MANAGING “THE BEER SHOUT” WHEN YOU’RE 20

While drinking with your mates at bars, The Beer Shout comes with inalienable rights and obligations.

THINGS I WISH SOMEBODY HAD TOLD ME AT TWENTY: PART II

MANAGING THE BEER SHOUT

If you haven’t read my previous blog about “dealing poker when you’re 20”, you should do so before reading this one. It’ll make a lot more sense (https://writehandman.com.au/2018/05/17/things-i-wish-somebody-had-told-me-at-twenty-jase-gram-hornswoodexpress-com-au/)

Basically, single mum Sandy, asked me to help her twenty-year-old son Rick, become less socially awkward. I agreed to use the noble art of blogging to cover things that he may struggle to find written elsewhere.

If we did have a chat:

Rick – “Getting the first shout upon arrival Cool Hand (my self-ascribed poker call-sign), you’ll probably be buying less beers right? Because not everybody is there yet?”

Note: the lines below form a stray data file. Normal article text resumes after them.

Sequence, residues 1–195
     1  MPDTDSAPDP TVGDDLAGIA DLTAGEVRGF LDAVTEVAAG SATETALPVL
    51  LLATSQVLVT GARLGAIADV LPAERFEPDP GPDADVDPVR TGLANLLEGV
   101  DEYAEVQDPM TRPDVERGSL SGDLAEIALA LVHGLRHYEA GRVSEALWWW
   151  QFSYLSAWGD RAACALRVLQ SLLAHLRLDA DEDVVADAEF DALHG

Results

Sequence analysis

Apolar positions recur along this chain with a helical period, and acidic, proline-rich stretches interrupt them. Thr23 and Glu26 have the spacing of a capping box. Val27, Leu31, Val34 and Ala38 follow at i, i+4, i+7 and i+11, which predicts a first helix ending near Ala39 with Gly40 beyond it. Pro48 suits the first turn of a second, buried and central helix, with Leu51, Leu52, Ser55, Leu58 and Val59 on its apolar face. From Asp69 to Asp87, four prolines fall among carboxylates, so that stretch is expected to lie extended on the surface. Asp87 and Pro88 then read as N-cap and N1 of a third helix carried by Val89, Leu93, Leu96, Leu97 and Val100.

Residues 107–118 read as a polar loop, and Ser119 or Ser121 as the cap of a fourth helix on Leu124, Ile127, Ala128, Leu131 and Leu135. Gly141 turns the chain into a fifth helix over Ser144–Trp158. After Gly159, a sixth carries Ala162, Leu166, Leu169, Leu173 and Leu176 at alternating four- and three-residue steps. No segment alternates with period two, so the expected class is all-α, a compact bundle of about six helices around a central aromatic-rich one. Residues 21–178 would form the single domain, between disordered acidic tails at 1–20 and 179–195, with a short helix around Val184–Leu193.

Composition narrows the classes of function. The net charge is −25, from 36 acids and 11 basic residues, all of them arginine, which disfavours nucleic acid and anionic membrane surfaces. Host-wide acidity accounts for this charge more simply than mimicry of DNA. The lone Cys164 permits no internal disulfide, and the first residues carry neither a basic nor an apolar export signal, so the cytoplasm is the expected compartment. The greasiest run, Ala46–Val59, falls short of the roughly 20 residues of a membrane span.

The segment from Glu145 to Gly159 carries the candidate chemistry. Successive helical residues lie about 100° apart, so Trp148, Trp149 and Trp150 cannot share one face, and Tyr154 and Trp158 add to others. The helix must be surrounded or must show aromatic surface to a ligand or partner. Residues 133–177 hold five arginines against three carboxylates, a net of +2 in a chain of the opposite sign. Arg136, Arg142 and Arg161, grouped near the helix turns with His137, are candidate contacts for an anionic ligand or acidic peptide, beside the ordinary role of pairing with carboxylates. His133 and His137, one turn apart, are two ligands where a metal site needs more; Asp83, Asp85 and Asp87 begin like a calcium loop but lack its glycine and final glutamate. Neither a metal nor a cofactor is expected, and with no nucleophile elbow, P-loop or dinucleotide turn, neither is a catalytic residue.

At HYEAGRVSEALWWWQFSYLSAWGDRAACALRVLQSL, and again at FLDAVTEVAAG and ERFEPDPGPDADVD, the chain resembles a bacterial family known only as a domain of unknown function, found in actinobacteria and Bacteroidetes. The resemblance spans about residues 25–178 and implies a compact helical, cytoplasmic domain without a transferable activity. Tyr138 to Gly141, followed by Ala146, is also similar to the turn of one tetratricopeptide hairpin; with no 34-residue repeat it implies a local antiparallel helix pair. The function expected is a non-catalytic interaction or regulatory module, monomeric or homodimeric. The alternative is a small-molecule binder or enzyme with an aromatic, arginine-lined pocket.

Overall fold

Me – “Clever, however if any blokes arrive within ten minutes of your shout, you are obligated to offer them a beer, thereby having to go to the bar twice.”

Rick (with a cocky smile) – “Not eleven minutes?”

Me – “Ten. You want to hear the rules or not?”

Rick – “Yes, sorry. If there have already been a few jugs bought, am I obligated to get the same type again?”

Me – “Nope. Your jug, your choice.”

Rick – “Can I ask for help carrying the drinks?”

Me – “You are entitled to a beer-helper, only if there are five or more glasses.”

Rick – “Is it better to quietly shout when it’s your turn?”

Me – “Absolutely not! When it’s your turn you loudly announce to the table – MY SHOUT LADS. And when you return you are Jesus, turning water into…beer. Make sure everybody knows about it!”

 

Me – “And try making the shout jugs, not individual beers. It’s a hell of a lot easier to carry 1-2 jugs than 3-6 schooners. And if anybody is a little more or less thirsty, they can fill their glass as full as they wish.”

Rick – “What if people argue when it’s their shout Cool Hand?”

Me – “Every time you’re asking a bloke to put his hand in his pocket to provide you with beer, there’s going to be a momentary push-back – IT’S YOUR F#CKING SHOUT MACCA, will automatically be responded by something akin to – NO F#CKING WAY, I GOT THE SECOND LAST ONE. The person you’re calling out, always has a right to defend himself initially, then you work out whose turn it actually is. It’s very structured.”